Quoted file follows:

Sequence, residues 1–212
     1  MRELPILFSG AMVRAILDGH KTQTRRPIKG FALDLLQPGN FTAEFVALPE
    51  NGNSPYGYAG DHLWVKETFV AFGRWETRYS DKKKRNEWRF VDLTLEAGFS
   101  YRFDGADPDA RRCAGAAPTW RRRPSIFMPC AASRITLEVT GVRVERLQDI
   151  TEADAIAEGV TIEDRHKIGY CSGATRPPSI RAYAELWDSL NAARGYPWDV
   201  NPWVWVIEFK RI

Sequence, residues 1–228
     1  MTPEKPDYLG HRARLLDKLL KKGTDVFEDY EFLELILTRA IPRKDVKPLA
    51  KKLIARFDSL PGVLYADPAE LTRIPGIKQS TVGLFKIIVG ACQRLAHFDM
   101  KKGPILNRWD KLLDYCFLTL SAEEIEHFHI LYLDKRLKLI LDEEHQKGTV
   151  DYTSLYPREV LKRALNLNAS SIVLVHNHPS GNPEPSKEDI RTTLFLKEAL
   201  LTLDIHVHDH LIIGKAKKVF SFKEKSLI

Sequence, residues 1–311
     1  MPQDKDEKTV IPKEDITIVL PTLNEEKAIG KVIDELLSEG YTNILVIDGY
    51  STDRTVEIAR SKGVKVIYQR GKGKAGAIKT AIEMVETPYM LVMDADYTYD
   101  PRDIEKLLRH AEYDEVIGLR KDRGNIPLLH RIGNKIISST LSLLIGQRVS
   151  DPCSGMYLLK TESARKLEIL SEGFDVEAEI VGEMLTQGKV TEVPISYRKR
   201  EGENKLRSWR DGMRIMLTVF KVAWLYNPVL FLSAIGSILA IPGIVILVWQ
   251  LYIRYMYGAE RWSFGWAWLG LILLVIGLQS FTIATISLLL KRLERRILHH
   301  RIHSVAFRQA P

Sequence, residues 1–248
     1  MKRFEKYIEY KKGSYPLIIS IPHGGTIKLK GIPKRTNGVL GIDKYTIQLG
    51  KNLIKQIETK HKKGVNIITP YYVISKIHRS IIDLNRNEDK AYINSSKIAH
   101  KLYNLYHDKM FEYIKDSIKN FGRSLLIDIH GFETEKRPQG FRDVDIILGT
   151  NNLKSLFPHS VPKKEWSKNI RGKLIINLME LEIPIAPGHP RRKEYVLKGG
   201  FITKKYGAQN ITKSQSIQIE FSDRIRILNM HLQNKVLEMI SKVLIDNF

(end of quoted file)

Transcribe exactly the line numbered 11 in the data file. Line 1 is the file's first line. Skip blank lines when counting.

   151  DYTSLYPREV LKRALNLNAS SIVLVHNHPS GNPEPSKEDI RTTLFLKEAL